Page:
At the beginning of the toxicity test, sediment samples (∼5 g, wet wt (ww)) were removed from replicates for determination of acetonitrile-extractable NAs (see below). Measurement of NAs by SPMEs was conducted directly in sediment during organism exposures (Conder et al., 2003). Each experimental replicate received one stainless steel mesh envelope containing a 1-cm long SPME (85 μm polyacrylate coating). The SPME envelope was inserted within the sediment such that the SPME fiber was exposed 2 (1 cm below the surface. Immediately after SPME deployment, each replicate received four adult 9 to 10-week old Tubifex. The envelope was retrieved 24 h later, and the fiber extracted (see below). This exposure time period is only sufficient to reach ∼74% of steady state SPME concentrations (Conder et al., 2003); all reported SPME concentrations have been multiplied by 1.35 to correct for this. At the termination of the 28-d toxicity test, sediments were sequentially sieved through 250- and 500-μm sieves to recover adult Tubifex, young Tubifex, and cocoons.
A 4-d water-only acute toxicity test was conducted using TNT-spiked reconstituted hard water and 1-mm diameter glass beads. To spike test water, an aliquot of 50:50 (v/v) acetonitrile:water solution containing dissolved TNT was added to a volumetric flask. Acetonitrile was evaporated from the aliquot under a gentle stream of He, leaving crystalline TNT in water. This was re-dissolved in and diluted to volume with reconstituted hard water to 72 nmol TNT ml−1 before serial dilution to generate the remaining concentrations (2, 6, 12, 36 nmol TNT ml−1). Solvent control water was generated via the same procedure as the 72 nmol TNT ml−1 without the addition of TNT. Exposure solutions were not renewed during the test. Each replicate (three replicates per concentration) received 100 ml water, 10 cm3 1-mm diameter glass beads, 10 adult 8 to 9 week old Tubifex, and one 1-cm long SPME (85-μm polyacrylate coating) inserted through a small thin teflon disc to facilitate handling of the thin, transparent fiber. Fiber uptake is independent of the holder (steel mesh envelope or teflon disc); this was verified by measurement before these experiments. The SPMEs were exposed during the first 48 h of the experiment to achieve steady state uptake in the fiber (Conder et al., 2003). This toxicity test was conducted in an environmental chamber under the same conditions as described above for the sediment test. Tubifex were observed frequently during exposure. Individuals not responding after a gentle prod with a probe were considered dead. Dead Tubifex were removed from solution, blotted on absorbent paper, and stored frozen until tissue analysis (see below). At the end of the test, live Tubifex were prepared and stored in the same manner. Each experimental replicate of ten Tubifex was pooled for tissue analysis. Where mortality was greater than 0 but less than 100%, the tissue analysis replicate was comprised of both live and dead worms.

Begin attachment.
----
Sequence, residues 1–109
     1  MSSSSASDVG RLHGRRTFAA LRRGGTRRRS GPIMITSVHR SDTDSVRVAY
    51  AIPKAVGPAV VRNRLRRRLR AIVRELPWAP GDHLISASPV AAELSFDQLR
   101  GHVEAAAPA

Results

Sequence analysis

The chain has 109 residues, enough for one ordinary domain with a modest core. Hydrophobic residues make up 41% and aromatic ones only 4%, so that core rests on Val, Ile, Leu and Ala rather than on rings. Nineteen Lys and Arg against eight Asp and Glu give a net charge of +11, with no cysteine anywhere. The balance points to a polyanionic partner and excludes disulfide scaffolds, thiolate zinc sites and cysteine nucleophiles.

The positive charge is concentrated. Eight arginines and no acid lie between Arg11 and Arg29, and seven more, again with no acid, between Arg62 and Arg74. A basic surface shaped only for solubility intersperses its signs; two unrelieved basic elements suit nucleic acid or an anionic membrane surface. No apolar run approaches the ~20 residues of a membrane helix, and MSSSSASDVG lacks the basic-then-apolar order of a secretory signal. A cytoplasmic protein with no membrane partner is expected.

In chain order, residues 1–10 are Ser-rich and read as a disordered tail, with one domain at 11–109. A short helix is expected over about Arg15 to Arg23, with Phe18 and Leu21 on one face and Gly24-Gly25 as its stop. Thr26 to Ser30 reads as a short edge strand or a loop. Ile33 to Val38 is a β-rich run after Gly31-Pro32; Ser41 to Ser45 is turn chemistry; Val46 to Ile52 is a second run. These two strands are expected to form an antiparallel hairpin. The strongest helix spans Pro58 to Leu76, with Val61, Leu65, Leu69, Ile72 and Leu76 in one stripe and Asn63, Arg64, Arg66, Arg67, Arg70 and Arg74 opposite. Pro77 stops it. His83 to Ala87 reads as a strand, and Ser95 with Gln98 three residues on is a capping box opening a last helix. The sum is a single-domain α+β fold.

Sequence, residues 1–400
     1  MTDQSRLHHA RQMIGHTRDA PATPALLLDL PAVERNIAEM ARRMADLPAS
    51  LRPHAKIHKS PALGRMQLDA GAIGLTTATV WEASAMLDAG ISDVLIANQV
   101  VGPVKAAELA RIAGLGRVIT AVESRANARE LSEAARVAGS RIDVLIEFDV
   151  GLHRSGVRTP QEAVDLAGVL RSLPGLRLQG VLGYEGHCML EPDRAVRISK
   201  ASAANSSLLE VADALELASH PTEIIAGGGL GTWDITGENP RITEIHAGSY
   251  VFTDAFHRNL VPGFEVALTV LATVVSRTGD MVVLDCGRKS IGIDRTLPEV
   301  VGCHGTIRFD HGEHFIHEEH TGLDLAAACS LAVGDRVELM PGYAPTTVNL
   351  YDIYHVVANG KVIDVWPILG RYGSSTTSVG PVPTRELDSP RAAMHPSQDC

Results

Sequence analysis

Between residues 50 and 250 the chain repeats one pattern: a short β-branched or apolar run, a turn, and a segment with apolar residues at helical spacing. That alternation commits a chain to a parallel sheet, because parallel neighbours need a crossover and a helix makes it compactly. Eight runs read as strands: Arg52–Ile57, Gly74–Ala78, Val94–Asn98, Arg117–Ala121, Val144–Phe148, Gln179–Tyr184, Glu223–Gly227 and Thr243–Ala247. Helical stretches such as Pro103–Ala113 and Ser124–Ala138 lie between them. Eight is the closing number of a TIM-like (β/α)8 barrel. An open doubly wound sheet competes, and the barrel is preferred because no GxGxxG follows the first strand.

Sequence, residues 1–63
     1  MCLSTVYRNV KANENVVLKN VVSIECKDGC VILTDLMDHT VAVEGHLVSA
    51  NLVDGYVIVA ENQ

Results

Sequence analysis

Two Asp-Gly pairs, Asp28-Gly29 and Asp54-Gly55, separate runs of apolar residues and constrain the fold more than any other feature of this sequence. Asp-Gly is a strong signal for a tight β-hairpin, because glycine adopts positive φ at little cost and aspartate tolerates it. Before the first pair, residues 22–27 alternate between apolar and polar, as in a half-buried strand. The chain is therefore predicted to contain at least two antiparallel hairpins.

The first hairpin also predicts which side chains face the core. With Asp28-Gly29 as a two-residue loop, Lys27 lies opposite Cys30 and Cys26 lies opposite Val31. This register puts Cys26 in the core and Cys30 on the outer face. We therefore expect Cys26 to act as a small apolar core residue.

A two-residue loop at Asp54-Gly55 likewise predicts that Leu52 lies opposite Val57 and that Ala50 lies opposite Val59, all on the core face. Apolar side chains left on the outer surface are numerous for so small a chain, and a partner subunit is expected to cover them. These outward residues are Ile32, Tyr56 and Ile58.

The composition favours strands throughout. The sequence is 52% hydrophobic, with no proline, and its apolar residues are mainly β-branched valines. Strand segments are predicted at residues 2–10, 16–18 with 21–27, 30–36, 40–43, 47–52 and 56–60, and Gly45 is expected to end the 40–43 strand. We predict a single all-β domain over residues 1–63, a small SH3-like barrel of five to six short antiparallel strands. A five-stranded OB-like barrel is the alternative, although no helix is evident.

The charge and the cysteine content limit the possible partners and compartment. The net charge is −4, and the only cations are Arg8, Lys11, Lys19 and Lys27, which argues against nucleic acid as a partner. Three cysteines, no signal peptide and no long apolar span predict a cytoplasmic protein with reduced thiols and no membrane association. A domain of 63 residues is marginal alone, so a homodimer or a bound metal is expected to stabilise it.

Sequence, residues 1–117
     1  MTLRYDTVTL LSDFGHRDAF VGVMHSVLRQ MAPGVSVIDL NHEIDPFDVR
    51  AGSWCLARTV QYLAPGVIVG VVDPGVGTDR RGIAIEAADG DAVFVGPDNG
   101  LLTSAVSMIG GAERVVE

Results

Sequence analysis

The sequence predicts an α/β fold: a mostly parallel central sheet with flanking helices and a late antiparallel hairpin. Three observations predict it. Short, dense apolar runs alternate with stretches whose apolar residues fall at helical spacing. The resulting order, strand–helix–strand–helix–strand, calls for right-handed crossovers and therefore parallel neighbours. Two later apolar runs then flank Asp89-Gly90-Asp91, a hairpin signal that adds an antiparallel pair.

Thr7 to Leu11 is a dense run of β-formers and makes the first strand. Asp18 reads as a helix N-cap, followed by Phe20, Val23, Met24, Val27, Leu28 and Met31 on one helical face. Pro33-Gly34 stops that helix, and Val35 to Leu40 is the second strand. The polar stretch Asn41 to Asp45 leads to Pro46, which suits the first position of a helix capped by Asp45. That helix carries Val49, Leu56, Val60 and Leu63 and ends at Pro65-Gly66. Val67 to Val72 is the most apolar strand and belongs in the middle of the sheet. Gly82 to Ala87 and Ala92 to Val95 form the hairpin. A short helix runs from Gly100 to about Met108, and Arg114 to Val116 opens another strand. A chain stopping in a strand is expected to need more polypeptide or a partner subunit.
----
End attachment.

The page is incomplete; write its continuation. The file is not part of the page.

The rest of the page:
Chironomus tentans toxicity tests
A 4-d sediment toxicity test using 3rd-instar midge larvae Chironomus tentans was conducted using uncontaminated sediment collected from Brown's Lake, Waterways Experiment Station, Vicksburg, MS, USA spiked with TNT as described in Conder et al. (2003). The Chironomus tentans sediment toxicity test was performed in a different laboratory with slightly different spiking procedures and storage conditions. After collection, sediment was wet-sieved (<250 μm) and stored at 4°C. Trinitrotoluene was added to the wet sediment via TNT-coated quartz sand in order to achieve initial sediment concentrations of 220, 440, 881, 1321, and 1761 nmol TNT g−1, dw. To coat the sand, TNT dissolved in acetone was added to 30 g of dry sand under a fume hood. After the solvent evaporated, the sand was added to sediment and vigorously mixed with a mechanical stirrer. After a 3-h mixing period, sediments were sampled for chemical analysis and added to exposure beakers (100 g sediment/beaker, three replicates per concentration). Each beaker received 200 ml dechlorinated water. Overlying water was not aerated in this experiment, but aerobic dissolved oxygen levels (>40% saturation) were verified. Test conditions were as described above for the Tubifex sediment toxicity test, except for temperature (25 ± 1°C). Each replicate received ten midge larvae and one SPME, deployed as described above. Midge larvae exposed to the three highest sediment TNT concentrations did not completely burrow into the sediments. After 7.5 h of exposure, these midge larvae were presumed dead after failing to respond to gentle prodding by a blunt probe and were immediately collected for tissue analysis. Midge larvae collected at this time and those collected at the end of the toxicity test (alive) were blotted on absorbent paper and stored frozen until tissue analysis (see below). Because of the amount of tissue needed for tissue analysis, midge larvae from all replicates of each concentration were pooled.